I just checked my Arch install and it's a bit over 8GB, not including data. I have browser, e-mail, libreoffice, GIMP, shotwell, hugin, simple scan, inkscape, brasero, Adobe reader, and WINE with google sketchup. A bit more that a minimum system, but not huge.

If you want a lot of apps in each Linux version, then 10GB each might be better.

From my personal experience, I would not be surprised to see you set this up 10-20 times before you get it "just right"
 
  


Reply


Thread Tools Search this Thread
Search this Thread:

Advanced Search

Posting Rules
You may not post new threads
You may not post replies
You may not post attachments
You may not edit your posts

BB code is On
Smilies are On
[IMG] code is Off
HTML code is Off



Similar Threads
Thread Thread Starter Forum Replies Last Post
What is the best way to multi-boot several Linux distros? Mountain Linux - General 10 11-11-2009 05:47 PM
Firefox version in Penta OS will not retain your saved bookmarks. 8-bit Ubuntu 2 10-02-2009 06:53 PM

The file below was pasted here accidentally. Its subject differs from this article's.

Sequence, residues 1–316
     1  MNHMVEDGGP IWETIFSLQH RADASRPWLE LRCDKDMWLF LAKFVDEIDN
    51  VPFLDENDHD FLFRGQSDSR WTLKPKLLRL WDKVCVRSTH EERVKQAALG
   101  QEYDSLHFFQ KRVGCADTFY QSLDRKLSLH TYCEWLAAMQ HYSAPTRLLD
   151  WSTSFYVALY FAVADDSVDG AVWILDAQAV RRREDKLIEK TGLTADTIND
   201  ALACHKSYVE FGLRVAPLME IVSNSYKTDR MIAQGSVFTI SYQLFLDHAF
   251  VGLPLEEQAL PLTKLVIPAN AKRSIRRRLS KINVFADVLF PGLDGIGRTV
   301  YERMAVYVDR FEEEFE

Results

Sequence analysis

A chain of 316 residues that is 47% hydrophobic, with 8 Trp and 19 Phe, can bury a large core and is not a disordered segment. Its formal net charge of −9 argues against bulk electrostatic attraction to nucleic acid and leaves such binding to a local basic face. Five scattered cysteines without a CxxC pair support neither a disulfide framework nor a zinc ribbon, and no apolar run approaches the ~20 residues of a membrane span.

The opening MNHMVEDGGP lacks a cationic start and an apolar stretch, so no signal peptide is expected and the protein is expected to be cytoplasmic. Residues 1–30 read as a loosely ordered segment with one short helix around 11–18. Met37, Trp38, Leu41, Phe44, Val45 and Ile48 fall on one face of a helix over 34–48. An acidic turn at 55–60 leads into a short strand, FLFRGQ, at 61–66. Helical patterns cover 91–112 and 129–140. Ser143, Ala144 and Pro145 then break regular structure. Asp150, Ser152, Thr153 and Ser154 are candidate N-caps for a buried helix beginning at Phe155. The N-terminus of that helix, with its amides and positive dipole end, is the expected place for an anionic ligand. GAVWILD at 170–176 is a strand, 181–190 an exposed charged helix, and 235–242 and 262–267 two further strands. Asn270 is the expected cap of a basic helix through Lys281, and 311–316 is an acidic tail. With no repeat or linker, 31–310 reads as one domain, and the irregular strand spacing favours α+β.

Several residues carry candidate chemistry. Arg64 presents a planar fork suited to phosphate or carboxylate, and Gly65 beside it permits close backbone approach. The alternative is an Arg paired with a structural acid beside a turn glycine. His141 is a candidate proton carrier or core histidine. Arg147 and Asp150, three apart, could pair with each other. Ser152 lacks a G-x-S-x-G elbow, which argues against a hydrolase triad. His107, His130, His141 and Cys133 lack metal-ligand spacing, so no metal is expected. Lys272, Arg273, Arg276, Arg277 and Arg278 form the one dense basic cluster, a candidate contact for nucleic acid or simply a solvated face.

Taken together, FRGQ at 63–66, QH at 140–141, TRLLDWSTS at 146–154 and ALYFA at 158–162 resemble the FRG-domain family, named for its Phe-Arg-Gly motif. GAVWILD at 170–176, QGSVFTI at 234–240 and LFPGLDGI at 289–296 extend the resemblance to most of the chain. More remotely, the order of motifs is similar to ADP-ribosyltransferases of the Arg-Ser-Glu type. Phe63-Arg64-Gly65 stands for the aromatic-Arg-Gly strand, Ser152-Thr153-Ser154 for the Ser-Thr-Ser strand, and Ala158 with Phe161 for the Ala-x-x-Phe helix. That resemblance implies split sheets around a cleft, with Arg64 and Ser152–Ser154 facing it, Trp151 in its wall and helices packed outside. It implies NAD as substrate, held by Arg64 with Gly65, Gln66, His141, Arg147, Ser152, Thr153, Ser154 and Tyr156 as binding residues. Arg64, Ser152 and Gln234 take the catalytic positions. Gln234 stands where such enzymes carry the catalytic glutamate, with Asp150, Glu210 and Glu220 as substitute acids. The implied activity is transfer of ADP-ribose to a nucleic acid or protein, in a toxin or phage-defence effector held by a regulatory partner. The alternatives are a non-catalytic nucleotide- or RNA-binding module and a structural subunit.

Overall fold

Dual boot two linux distros JosephS Linux - General 13 07-04-2007 11:59 AM
Boot 2 linux Distros ??? lilo goodeyesniper687 Slackware - Installation 1 10-16-2006 03:59 PM
penta card and modem ranixlb Linux - Networking 0 06-03-2002 04:24 AM

LinuxQuestions.org > Forums > Linux Forums > Linux - Newbie

All times are GMT -5. The time now is 12:21 PM.

Main Menu
Advertisement
My LQ
Write for LQ
LinuxQuestions.org is looking for people interested in writing Editorials, Articles, Reviews, and more. If you'd like to contribute content, let us know.
Main Menu
Syndicate
RSS1  Latest Threads
RSS1  LQ News
Twitter: @linuxquestions
Facebook: linuxquestions Google+: linuxquestions
Open Source Consulting | Domain Registration